Hosted by a dedicated photographic guide, this rustic camp is all about photography and exploring a prime area of the Okavango Delta 

New for 2021 is the semi-mobile Pangolin Photo Camp, a seasonal camp open between March and November on the NG16 private concession in the north-east of the Okavango Delta. 

Your expert photographic guide will ensure you capture the magic of your trip

Not only is the photographic focus of this camp something which sets it apart (more to come on that later) the semi-mobile nature brings a real, adventurous, light touch to this camp which we love. The camp, which can cater for a maximum of just eight people will only stay in place for two weeks at a time before moving to another of the seven pitches it has available within the private concession.   

Pangolin Photo Camp has 30,000 hectares of a varied environment to explore, consisting of open plains, small stands of woodland and brush, bisected by the Selinda Spillway and other seasonal streams, waterways and lagoons. In our experience this area of the Delta is a particular favourite of wild dogs and a stay here of three or four night gives you a great chance of bumping into a pack or two.  

As previously mentioned anyone with photographic tendencies- from a seasoned pro to those who just enjoy taking pictures with their mobile phone is going to love this camp. Not only is it hosted by a specialist photographic guide who is on hand for advice and guidance throughout your stay but there are also cameras, lenses and even a ready supply of memory cards free for all to use. So you don’t even need to have your own equipment to make the most of this camp and the stunning photographic opportunities!  


The Camp

This is a small, intimate camp and it only has five rooms, catering to a maximum of eight guests. As this camp is semi-mobile, the tents are fairly rustic and simple in their design but they have everything you will need for a comfortable stay. The tents are Meru in style with two single beds or a double bed, complete with storage areas for your clothes and a small seating area at the front of the room. Towards the back is an ensuite bucket shower, basin and flushing toilet. Solar power in the rooms is also on hand to use for electric lights, charging batteries, a fan and even a CPAP machine if required.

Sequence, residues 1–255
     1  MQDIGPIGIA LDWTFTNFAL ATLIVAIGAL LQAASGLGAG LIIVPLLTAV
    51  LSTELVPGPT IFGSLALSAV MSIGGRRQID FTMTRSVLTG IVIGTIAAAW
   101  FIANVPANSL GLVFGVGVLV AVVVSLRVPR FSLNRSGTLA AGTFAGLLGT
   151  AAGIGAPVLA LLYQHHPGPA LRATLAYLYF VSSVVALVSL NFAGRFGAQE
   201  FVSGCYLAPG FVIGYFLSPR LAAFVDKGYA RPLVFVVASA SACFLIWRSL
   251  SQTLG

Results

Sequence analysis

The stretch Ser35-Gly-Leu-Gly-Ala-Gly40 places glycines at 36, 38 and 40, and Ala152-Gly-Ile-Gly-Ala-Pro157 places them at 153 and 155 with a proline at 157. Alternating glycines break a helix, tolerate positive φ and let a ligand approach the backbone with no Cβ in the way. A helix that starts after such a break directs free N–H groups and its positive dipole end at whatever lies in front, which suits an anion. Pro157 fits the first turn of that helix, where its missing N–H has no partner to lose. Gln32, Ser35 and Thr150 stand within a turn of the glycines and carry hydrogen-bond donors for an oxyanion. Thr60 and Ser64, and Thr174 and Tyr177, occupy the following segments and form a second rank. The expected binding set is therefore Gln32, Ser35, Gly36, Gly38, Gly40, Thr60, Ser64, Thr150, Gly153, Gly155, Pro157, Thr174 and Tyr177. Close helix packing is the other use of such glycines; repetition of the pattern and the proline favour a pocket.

Don’t let the basic nature of the rooms put you off, given the wildlife action on the reserve you are likely to be out on night and day game drives in the specially adapted photographic vehicles most of the time or perhaps relaxing in the central lounge tent or reviewing images in the editing suite. 

Plans are also afoot to construct a wildlife hide nearby which will overlook at waterhole, giving the chance for wonderful images of animals as they come to drink.   


Facilities include a comfortable lounge, firepit and dining area, photo editing suite, access to photographic equipment, guidance, and specially adapted vehicles. 


Dining is normally communal at this small camp and consists of a hot drink and snack before you head out on a game drive. Enjoy a caffeine top up and a rusk during the drive and then a hearty brunch when you arrive back to camp. High tea is served just before you head out again in the afternoon before returning (after sundowners) to camp for dinner. 

How this resort makes your trip more responsible

By its very nature being a semi-mobile camp that moves every two weeks it has to step very lightly on the environment. There is no hard or permanent infrastructure here and it feels more like the safari days of old in the use of candles, bucket showers and gravitating around the campfire in the evening. Only spending two weeks in each spot also gives the camp area time to recover and re-wild between each sitting.   

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